FTX co-founder Sam Bankman-Fried is planning to consent to extradition to the US to face criminal charges related to the cryptocurrency exchange’s collapse, people familiar with the matter said.

Bankman-Fried has been in custody in the Bahamas since he was arrested on 12 December in connection with several US criminal charges, which were unsealed a day later. Federal prosecutors in Manhattan have charged Bankman-Fried with fraud and money-laundering offences, alleging he defrauded customers, lenders and investors. They also alleged he violated campaign-finance rules by making illegal political contributions.

Bankman-Fried’s legal plans are still in flux and could change in the coming days depending on developments surrounding his case, one of the people familiar with the matter said. Bankman-Fried’s team is expecting that he will appear in a Nassau court for additional proceedings as soon as 19 December, the person said.

Lawyers for Bankman-Fried didn’t respond to requests for comment. A spokesman for the US attorney’s office declined to comment.

Details about the conditions of Bankman-Fried’s custody have been sparse in recent days. He has been detained at a facility in Nassau known as Fox Hill Prison which has faced criticism for its conditions in the past.

Bankman-Fried’s team had delivered meals that met his dietary needs, but as of 16 December weren’t sure whether he had received them, another person familiar with the matter said.

READ FTX’s Sam Bankman-Fried says he didn’t know scale of bad Alameda bets

Bankman-Fried’s case in Manhattan has already been assigned to US District Judge Ronnie Abrams. If and when he is transferred from the Bahamas to the US, he would be expected to make an initial court appearance shortly thereafter, where the charges against him could be read and he may enter a plea.  Bankman-Fried could also make a request for bail. He was denied bail in the Bahamas last week.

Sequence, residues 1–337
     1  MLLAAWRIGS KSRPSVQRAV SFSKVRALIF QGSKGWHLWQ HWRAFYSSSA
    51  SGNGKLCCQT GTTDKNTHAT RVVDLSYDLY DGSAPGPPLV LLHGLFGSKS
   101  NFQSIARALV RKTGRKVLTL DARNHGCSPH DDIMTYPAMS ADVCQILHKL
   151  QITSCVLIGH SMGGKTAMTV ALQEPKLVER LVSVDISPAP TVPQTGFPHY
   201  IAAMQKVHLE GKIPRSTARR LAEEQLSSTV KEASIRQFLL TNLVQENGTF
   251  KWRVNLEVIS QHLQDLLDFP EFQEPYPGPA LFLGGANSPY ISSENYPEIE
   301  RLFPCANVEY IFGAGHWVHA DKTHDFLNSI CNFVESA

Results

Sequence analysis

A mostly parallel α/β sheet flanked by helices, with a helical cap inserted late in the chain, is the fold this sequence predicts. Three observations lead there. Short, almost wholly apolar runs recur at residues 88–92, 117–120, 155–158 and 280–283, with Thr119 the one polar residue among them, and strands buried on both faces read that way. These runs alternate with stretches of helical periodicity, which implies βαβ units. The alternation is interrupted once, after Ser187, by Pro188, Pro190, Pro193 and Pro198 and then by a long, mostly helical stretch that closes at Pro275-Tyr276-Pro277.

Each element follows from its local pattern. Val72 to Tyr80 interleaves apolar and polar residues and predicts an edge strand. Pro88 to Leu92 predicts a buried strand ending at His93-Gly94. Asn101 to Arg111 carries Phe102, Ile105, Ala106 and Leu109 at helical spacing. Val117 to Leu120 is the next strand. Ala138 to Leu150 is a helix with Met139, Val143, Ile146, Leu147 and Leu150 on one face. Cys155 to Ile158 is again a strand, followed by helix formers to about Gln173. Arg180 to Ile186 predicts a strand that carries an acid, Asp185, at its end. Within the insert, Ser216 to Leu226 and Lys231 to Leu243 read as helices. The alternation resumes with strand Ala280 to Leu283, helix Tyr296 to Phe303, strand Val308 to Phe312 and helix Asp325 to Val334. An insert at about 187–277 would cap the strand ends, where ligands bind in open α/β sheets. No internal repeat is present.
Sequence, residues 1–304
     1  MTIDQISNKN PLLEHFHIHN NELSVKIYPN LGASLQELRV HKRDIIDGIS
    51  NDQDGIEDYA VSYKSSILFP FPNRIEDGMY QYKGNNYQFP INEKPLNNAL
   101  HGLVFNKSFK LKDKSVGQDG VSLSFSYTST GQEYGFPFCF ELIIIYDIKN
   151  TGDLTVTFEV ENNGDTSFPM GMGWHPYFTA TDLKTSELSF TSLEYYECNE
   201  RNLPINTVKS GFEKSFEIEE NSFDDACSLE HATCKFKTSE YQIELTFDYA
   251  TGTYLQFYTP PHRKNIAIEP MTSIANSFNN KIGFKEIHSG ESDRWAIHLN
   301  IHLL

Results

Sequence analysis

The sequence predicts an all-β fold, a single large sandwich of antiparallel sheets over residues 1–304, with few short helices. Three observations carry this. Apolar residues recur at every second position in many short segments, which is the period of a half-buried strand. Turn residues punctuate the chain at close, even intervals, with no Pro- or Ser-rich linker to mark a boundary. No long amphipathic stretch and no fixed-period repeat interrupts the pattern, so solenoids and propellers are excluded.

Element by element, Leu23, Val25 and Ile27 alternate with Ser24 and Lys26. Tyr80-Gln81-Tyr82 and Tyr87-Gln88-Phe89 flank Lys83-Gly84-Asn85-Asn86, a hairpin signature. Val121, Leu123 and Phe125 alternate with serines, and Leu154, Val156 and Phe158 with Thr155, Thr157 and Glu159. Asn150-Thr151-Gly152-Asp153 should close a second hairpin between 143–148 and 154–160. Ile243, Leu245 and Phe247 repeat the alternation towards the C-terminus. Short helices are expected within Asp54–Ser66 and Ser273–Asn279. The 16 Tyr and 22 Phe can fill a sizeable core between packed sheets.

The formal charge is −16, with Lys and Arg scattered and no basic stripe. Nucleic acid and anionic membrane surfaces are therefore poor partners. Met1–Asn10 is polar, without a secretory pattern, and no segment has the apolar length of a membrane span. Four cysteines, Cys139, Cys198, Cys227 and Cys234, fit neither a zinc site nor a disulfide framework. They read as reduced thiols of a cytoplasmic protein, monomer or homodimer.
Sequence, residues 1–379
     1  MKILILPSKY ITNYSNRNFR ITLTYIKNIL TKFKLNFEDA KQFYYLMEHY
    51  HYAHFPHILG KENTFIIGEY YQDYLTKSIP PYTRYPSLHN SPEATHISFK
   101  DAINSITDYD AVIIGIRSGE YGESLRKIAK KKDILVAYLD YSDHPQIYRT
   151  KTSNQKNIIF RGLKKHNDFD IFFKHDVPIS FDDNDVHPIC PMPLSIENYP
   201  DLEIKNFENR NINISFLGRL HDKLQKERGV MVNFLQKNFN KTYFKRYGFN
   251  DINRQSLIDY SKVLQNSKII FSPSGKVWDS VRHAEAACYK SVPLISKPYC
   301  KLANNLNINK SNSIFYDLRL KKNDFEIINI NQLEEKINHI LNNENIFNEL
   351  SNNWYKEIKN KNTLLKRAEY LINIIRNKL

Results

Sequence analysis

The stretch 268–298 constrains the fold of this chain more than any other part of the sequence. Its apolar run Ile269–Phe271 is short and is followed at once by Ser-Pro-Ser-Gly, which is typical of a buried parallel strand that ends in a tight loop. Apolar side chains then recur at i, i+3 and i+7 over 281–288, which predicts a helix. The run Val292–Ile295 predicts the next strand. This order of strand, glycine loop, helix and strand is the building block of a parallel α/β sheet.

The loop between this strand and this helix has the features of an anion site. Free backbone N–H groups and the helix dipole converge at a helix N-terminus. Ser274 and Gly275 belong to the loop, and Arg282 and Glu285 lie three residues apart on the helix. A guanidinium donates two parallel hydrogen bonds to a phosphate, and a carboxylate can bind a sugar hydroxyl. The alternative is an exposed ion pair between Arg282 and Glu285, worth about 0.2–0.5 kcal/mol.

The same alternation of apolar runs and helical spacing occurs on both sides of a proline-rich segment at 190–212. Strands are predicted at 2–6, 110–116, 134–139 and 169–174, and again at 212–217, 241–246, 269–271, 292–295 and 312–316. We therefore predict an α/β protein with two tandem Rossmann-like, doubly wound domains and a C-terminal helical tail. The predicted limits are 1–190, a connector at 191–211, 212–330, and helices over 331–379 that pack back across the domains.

If Bankman-Fried waives his right to challenge extradition, agents from the Federal Bureau of Investigation would accompany him to the US on a government plane, according to a person familiar with the thinking of US law enforcement.

His plans to agree to extradition were reported earlier by Reuters.

FTX, a global cryptocurrency exchange that managed billions in assets for customers, collapsed in November as allegations surfaced that it was funnelling customer money to fund trades that went south at Alameda Research, a crypto hedge fund owned by Bankman-Fried. New FTX management estimates that the company has lost more than $7bn in assets.

In a string of media appearances prior to his arrest, Bankman-Fried denied knowingly commingling customer funds. However, US authorities have claimed he used customer funds from the start of his cryptocurrency exchange to support his hedge fund and to make venture investments, real-estate purchases and political donations.

The indictment of Bankman-Fried included an array of broad charges but provided few specifics about the executive’s alleged conduct. Legal observers said that approach would give prosecutors flexibility in navigating the rules involving extradition, because it would be difficult to add more charges later on.